May 10, 2004
FMP CD 123
Sailing past his 75th birthday in March, pianist Cecil Taylor seems to have no trouble maintaining the creativity that has served him well since his first recording date almost a half-century ago.
How does the emphatic improviser manage to keep creative many years past when most musicians — even Louis Armstrong, his only challenger for transformation of 20th century music — fall into repetition and often self-parody? Very simply Taylor is always concerned with making it new. This can involved new compositions, new improvisations, new settings, or new combinations of musicians.
Take this CD recorded in Berlin in 1999, when the pianist was a mere stripling of 70. Not only are there three new instant compositions on show, but the backing trio is made up of three instrumentalists who had never played with Taylor as a unit. Designated as special guest, immutable Andrew Cyrille was the percussionist in the Cecil Taylor Unit from 1964 to 1975 and brings the same offhanded power here as he did then. Expatriate American cellist Tristan Honsinger, a linchpin of Amsterdams ICP Orchestra, has played and recorded with Taylor before, most notably in a 1988 trio session with British saxist Evan Parker. His staccato timing, shattering feints and spiccato lines wrap soloist and accompanist functions together into an atonal package.
Wildcard here is Surinamian-Dutch guitarist Franky Douglas, recording — but not playing — with the pianist for the first time. Someone whose strings are as apt to reverberate with tones that reflect power-rock as Free Jazz outer space cadences, his remarkable six-string effects add another hue to Taylors palate. Its worth noting in passing that the pianists recorded bands have never before included a guitarist.
Playing for more than 77 minutes, the Taylor four strut their stuff without a bit of filler. However, there are points when the rolling rage of the pianists 10-fingered contrasting dynamics — and sound poetry cries — provide a certain atonal familiarity to the tracks. Yet the unexpected still lurks in nearly every bar line.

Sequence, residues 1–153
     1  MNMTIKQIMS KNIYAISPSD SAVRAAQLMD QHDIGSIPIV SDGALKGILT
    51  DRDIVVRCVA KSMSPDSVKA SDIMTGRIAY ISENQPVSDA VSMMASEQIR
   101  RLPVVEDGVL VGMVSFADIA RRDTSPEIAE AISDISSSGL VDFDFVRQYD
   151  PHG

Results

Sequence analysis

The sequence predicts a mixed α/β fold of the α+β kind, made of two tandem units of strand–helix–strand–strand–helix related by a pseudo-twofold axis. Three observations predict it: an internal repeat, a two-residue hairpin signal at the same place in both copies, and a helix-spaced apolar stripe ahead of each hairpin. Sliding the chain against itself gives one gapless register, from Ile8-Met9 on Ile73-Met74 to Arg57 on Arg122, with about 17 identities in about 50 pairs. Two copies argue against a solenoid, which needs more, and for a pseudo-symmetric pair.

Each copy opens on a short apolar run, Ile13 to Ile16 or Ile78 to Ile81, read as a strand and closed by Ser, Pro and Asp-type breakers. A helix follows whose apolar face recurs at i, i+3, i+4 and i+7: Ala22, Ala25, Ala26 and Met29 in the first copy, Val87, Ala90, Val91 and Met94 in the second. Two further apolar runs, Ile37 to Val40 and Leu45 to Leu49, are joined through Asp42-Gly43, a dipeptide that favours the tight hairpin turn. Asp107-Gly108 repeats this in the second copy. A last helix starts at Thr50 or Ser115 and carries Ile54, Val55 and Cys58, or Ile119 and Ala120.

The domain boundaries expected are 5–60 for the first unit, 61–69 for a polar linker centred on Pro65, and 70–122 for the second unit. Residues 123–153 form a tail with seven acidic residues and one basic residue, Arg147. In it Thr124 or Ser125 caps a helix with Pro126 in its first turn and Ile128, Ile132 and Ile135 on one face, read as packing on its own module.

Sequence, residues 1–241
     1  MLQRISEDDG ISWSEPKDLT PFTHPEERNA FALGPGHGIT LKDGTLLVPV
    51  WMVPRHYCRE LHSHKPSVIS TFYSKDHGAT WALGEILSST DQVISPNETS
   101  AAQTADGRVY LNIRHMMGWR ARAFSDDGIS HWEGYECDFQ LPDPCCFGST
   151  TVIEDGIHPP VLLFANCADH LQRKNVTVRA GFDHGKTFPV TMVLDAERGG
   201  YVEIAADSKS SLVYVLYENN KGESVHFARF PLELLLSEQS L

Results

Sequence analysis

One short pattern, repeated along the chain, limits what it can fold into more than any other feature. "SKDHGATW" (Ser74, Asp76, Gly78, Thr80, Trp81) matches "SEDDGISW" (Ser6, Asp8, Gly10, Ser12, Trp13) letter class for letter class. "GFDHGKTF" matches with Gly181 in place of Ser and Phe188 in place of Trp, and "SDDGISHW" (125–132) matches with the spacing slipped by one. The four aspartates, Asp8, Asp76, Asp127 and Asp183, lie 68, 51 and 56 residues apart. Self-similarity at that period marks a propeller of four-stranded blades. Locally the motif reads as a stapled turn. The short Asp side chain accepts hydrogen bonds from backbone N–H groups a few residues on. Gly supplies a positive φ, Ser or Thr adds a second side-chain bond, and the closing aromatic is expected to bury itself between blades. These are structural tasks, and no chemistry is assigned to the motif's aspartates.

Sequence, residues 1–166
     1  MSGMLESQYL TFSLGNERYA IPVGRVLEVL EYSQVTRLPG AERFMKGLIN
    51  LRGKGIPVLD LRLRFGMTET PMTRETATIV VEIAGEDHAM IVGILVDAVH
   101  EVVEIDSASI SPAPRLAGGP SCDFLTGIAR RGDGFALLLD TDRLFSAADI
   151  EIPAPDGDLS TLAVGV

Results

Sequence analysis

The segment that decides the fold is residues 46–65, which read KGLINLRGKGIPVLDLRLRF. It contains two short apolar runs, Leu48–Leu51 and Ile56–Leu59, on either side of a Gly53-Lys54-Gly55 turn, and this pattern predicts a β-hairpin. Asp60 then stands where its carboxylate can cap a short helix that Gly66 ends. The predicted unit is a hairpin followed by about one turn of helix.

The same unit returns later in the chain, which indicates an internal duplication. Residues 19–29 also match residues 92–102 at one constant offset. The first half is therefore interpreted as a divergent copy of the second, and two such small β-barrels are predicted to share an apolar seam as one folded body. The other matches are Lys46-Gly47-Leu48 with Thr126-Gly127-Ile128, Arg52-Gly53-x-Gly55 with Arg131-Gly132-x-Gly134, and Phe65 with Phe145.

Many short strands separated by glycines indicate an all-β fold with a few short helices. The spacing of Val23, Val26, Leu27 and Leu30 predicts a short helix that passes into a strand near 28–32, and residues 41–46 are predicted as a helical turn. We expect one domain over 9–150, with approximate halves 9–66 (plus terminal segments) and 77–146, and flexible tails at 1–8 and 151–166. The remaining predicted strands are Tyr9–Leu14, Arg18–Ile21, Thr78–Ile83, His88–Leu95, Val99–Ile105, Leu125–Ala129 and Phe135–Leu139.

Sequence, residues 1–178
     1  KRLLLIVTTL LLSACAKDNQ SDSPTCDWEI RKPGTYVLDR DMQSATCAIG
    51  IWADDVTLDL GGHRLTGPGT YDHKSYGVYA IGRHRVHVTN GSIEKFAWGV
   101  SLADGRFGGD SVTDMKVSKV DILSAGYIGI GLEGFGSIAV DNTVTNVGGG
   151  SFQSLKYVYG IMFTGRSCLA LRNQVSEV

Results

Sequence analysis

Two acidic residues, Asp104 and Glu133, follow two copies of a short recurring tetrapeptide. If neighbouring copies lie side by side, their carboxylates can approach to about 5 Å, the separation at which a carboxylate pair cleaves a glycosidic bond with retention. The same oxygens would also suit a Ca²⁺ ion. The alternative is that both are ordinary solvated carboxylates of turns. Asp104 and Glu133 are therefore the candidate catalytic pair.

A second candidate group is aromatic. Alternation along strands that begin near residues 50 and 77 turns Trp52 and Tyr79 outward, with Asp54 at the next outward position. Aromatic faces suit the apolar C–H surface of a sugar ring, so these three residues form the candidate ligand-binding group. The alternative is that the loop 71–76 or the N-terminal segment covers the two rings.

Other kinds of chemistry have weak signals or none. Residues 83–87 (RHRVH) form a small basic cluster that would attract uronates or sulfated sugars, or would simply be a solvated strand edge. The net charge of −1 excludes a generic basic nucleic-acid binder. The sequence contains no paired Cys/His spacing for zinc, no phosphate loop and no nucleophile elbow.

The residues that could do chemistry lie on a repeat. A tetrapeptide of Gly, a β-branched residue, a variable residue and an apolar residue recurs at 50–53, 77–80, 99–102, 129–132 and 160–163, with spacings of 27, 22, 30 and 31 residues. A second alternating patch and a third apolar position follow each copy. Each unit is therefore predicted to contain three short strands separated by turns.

With Douglas providing distorted rhythmic echoes and uncommon, Ur-electric vibrating licks — is this the Latin blues à la Curaçao? — Cyrille moves from steamrolling, on-the-beat percussiveness to gentler tympani pitches. Meanwhile the cellist double and triple stops distinct lines — one minute following Tayor with legato sweeps that could find a home in a hip concert hall, the next minute playing off the rhythmic throb of the other two with worrying ponticello multiphonics that might amaze open-minded serialists.
When he gathers full steam, Taylor seems to slough off his septuagenarian ranking to exhibit once again the flailing force for which his high intensity playing has long been noted. But as benefits a man who has been at it so long — and a senior citizen to boot —there are disciplined passages of intense, lyrical beauty as well here.
As amazing as it seems to repeatedly have to write it, theres very little inconsistency in Cecil Taylor sessions, and this CD is no exception to their overall high standing. With a new set of helpmates hes turned out yet another premium disc.
With accelerating technique and imagination seemingly intensifying as he ages, just imagine how the recorded results of CDs done in his 75th year will sound.
— Ken Waxman
Track Listing: 1. Focus 2. Carnation 3. Cartouche
Personnel: Cecil Taylor (piano, voice); Franky Douglas (guitar, voice); Tristan Honsinger (cello); Andrew Cyrille (drums, tympani)